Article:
If possible could someone explain this to me? I have the Genki I book that explains it pretty well but I guess I'm still having difficulty grasping it. I'll leave a example sentence in case my question is unclear.


あそこ で ほん を よんでいる がくせい は みちこさん です

I get that あそこ で ほん を よんでいる is qualifying がくせい but what is that part of the sentence and when would I use it?

I think what may be confusing me is the different sentence structure then what I've been use to seeing thus far in what I've studied although I know Japanese sentence structure does tend to be a little more "loose" than English.

Apologies for the unclear question yet again. It seems I'm terrible at asking questions

  • 1
    あそこで本を読んでいる学生はみちこさんです The student reading the book over there is Michiko. I still don't understand exactly what you are asking...
    – 3x14
    Apr 30, 2015 at 2:10
  • 4
    Not quite sure what you're asking. Can you tell us the parts you do understand or which part specifically you don't understand?
    – istrasci
    Apr 30, 2015 at 2:14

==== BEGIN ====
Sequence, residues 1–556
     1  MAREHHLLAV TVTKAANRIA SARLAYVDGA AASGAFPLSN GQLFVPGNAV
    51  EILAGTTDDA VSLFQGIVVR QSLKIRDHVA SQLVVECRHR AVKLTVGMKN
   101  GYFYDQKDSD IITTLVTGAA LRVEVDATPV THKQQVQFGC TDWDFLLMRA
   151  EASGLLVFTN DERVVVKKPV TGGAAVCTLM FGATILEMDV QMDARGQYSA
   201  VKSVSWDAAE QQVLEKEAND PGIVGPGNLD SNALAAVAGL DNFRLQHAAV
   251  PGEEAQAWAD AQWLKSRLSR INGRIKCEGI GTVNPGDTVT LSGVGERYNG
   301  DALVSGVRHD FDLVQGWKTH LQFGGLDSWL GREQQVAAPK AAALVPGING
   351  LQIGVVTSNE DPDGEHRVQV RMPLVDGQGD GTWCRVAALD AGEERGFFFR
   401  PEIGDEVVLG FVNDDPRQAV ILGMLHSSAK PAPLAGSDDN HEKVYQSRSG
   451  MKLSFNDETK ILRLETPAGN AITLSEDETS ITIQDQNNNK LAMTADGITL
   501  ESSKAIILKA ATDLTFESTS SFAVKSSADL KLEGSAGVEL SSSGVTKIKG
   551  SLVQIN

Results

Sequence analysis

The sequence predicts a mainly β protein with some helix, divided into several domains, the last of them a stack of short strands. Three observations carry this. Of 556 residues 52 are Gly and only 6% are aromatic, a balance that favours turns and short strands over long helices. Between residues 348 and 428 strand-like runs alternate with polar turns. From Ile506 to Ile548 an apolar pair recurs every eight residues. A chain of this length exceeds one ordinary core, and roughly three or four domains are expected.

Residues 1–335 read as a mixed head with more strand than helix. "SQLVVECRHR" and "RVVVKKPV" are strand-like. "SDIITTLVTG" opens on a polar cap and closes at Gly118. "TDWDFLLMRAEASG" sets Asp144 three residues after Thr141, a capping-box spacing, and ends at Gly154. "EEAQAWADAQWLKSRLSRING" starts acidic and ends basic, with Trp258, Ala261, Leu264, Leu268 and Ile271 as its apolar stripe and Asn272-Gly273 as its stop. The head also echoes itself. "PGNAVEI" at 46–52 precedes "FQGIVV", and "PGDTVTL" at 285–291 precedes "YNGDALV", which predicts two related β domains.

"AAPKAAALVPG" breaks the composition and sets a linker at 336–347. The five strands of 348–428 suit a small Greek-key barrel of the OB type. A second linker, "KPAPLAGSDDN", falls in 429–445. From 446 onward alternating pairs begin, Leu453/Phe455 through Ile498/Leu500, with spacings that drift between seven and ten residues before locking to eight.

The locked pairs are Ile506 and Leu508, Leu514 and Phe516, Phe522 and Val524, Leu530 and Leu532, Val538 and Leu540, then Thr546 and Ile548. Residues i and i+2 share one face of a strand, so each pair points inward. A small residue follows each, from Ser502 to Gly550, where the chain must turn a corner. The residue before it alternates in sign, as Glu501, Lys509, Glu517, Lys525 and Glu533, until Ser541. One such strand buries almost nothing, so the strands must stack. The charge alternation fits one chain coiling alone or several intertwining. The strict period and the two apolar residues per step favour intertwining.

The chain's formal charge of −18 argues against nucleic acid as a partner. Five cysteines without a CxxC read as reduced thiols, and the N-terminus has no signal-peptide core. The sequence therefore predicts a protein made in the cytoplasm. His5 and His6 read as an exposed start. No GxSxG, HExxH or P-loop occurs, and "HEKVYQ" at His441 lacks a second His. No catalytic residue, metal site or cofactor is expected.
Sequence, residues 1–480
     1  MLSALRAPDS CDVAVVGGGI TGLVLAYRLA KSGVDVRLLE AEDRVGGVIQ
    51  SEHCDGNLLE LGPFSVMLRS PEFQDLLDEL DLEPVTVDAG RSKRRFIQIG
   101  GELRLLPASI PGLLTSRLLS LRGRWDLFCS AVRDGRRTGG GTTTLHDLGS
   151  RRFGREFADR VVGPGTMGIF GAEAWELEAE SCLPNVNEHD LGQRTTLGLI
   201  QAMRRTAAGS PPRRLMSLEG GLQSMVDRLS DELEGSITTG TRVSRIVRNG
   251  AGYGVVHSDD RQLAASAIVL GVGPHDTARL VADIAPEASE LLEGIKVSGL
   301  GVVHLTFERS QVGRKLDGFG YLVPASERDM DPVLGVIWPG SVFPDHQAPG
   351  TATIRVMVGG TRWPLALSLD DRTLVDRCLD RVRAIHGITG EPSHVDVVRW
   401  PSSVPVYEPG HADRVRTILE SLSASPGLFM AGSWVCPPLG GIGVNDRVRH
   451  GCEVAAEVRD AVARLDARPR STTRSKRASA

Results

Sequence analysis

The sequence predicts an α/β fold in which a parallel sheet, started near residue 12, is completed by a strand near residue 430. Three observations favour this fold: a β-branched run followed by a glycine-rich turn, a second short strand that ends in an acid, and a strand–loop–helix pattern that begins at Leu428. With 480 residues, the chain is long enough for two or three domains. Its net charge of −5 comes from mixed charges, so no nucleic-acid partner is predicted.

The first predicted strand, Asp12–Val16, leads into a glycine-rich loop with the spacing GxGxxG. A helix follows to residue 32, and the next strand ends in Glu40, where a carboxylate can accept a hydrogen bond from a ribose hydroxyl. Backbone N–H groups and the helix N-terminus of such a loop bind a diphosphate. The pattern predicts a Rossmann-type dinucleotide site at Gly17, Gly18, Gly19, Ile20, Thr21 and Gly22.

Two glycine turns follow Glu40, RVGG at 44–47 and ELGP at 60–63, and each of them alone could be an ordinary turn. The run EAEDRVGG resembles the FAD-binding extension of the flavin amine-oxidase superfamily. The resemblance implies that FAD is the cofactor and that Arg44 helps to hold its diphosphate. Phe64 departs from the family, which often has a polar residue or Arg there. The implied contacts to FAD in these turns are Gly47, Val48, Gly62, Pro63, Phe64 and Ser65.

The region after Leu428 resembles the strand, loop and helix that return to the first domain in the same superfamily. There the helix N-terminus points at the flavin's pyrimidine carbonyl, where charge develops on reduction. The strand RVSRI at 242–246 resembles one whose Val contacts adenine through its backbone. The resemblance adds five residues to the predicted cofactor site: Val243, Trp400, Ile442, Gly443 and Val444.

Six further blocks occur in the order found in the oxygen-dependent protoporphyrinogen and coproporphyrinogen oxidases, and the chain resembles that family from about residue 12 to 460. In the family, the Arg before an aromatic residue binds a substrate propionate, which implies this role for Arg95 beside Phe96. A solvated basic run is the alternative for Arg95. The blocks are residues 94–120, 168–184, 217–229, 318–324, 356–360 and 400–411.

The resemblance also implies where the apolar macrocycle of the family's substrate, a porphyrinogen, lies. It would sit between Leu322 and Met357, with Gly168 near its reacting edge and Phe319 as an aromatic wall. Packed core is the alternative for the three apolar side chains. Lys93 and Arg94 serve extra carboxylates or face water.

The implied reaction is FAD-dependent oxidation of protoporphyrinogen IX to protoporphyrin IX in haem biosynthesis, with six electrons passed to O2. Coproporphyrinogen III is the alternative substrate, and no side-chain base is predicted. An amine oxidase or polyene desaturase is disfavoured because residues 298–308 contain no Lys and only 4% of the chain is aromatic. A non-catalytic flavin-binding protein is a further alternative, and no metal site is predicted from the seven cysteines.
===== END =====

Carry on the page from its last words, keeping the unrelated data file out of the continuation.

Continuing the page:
1 Answer 1


That's a relative clause. We have them in English, too:

〔あそこで ほんを よんでいる〕がくせいは みちこさんです。

The student [who is reading the book over there] is Michiko.

In Japanese, you don't have words like who in relative clauses, but apart from that, it's pretty similar. In both languages, the relative clause corresponds to a main clause:

がくせいは あそこで ほんを よんでいる。

The student is reading the book over there.

In each case, the subject is pulled out ("relativized") and moved outside the clause.

I wrote a longer explanation comparing relative clauses in English and Japanese in another answer. It's not perfect, but if you'd like to read more, you can see what I wrote there.

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